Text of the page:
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Machine Monitoring :

Why computer vision is the best solution



Automation in manufacturing refers to using technology and machines to perform specific tasks without the need for humans to intervene. The goal of automation is to increase efficiency, productivity, and accuracy in the production process, reducing manual labour and minimizing the risk of human error. Automation is most frequently used to automate repetitive or dangerous tasks, which frees up human labour to focus on more highly skilled tasks, thus allowing for a more efficient and cost effective manufacturing process. According to the International Federation of Robotics, there are around 3.5 million industrial robots in operation around the globe.

With the increase in automation it is imperative for machines to be monitored to make sure the efficiency and productivity gains are being realized. Current methods of monitoring machines especially the complex human-machine interactions fail to properly identify the key components of production downtime. i-5O clients use computer vision for a better approach for monitoring machine metrics to provide more granular insights into machine productivity as well as the complex interactions between humans and machines.

Humans still play a critical role

While automation continues to increase in manufacturing as companies look towards the most streamlined and efficient process possible, complete automation is impossible and humans still play an integral part. In fact, 70%+ tasks in manufacturing are still manual. This is primarily because machines can’t replicate human adaptability, cognition and dexterity. Stanley Black and Decker's failed automation experiment shows why humans are still critical in manufacturing.The importance of humans in manufacturing can also be seen from the fact that employment in manufacturing has stayed stable or increased in some of the most automated countries in the world including the US, Japan, Germany, and South Korea over the last 10 years.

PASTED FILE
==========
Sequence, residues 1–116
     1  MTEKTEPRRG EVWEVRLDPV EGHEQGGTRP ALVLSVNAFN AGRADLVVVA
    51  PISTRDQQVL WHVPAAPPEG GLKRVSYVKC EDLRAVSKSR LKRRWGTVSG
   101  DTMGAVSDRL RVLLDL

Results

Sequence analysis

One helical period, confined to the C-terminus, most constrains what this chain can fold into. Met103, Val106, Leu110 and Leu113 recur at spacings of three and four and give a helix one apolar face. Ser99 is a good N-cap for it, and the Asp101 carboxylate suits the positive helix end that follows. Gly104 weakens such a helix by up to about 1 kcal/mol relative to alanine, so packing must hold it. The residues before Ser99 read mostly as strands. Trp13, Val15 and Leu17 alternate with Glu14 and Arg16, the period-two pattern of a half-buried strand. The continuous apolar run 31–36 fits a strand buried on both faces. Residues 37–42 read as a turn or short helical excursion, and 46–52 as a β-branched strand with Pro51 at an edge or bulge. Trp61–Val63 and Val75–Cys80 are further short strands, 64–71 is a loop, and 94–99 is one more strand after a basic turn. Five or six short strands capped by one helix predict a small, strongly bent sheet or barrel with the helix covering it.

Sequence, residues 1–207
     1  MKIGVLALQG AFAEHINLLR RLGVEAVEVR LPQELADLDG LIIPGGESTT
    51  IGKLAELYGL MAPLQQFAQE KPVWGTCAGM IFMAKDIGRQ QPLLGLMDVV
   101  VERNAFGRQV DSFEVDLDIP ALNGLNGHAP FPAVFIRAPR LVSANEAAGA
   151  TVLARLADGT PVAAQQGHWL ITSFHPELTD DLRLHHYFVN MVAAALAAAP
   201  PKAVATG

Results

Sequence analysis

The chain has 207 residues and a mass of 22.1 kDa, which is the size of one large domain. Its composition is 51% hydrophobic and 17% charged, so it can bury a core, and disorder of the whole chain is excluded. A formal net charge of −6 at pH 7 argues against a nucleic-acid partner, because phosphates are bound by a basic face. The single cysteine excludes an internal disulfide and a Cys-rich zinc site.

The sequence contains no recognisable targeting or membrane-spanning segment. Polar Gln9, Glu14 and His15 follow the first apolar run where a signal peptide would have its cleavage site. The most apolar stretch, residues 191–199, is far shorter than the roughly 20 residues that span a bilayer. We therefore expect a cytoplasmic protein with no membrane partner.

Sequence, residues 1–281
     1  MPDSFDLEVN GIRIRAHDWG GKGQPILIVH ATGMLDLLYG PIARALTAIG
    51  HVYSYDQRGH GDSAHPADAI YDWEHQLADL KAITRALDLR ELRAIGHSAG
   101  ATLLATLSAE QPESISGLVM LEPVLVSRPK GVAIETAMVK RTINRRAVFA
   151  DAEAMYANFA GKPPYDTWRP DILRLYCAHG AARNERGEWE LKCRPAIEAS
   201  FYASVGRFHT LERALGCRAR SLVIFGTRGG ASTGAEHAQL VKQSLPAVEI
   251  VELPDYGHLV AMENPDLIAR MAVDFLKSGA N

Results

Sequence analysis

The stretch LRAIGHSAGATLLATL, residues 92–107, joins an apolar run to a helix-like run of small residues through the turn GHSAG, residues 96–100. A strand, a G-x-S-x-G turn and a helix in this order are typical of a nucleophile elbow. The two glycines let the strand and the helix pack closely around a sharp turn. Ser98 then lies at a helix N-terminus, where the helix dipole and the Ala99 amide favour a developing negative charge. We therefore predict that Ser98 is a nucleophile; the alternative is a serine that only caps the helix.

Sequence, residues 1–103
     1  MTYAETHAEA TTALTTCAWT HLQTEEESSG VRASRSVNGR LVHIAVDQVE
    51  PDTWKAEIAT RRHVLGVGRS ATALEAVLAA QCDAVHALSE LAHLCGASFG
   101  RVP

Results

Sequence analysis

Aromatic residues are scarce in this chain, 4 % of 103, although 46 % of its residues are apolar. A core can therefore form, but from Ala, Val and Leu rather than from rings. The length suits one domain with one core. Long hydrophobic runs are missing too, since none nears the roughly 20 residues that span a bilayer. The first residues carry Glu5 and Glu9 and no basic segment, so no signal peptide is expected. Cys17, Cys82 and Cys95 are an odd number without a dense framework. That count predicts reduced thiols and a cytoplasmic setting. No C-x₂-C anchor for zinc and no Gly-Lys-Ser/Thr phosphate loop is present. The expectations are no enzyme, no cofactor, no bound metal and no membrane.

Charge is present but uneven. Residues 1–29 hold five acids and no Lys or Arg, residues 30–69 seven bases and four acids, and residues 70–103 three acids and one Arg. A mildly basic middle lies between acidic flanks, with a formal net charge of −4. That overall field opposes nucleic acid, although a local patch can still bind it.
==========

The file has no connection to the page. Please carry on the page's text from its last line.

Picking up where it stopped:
Increased human and machine synergies

Not only are humans crucial for certain complex manufacturing processes, but they increasingly interact with machinery by setting up and performing machine changeover within the manufacturing line. For example, machined parts require humans to set them up and perform changeover. While humans are crucial for this, there is also more room for error; improper set-up can cause the part to be defective, resulting in scrap or rework. This causes financial losses for the organization. Long changeover times can impact a company’s throughput which can impact their revenue as lower throughput would mean that they can’t produce enough to meet market demand.

Challenges with current monitoring solutions

Even for organizations with a high degree of automation it is imperative to track their machine productivity in order to make sure that they are operating at the highest level of efficiency. The most common solution currently is for engineers to pull data directly from the PLCs (Programmable Logic Controllers) in the machines and then massage the data to generate insights to monitor the machine productivity as well as the OEE (Overall Equipment Effectiveness).
The process of extracting data is invasive and requires a tremendous amount of engineering time. The raw data itself needs to be thoroughly engineered using a tool like SQL to extract valuable insights and then visualized using a BI tool like Tableau or Power BI. Furthermore, the data doesn’t help identify whether the downtime was due to changeover, unplanned/planned maintenance or lack of parts available for production. This information would be manually gathered via time or motion studies.

Using computer vision for machine monitoring

Using computer vision, machine monitoring can be done in a simple non-invasive fashion by using cameras to monitor the status of the machine. A camera is placed near the machine(s) to be monitored and it measures the productivity of the machine as well as the human-machine interaction to identify sources of downtime in the operation(s). This data can then be sent to a visualization tool for post-analysis and/or to send real-time alerts to shop floor personnel to identify problems immediately.

Why monitoring with computer vision is better

Using this technique i-5O has successfully helped its clients gather data about machine uptime/downtime as well as the reasons behind the downtime e.g. lack of parts, long changeover time, unplanned maintenance etc. One of i-5O’s clients (a global leader on automotive Exhaust Systems, Thermal Insulation and Advanced Materials components) was able to reduce their planned downtime by 50% after using the data from our platform to improve their maintenance operations. Thus, computer vision is a great solution for machine monitoring tasks as it can not only gather machine data but also data around the workers interacting the machines to provide a complete picture of the operation.

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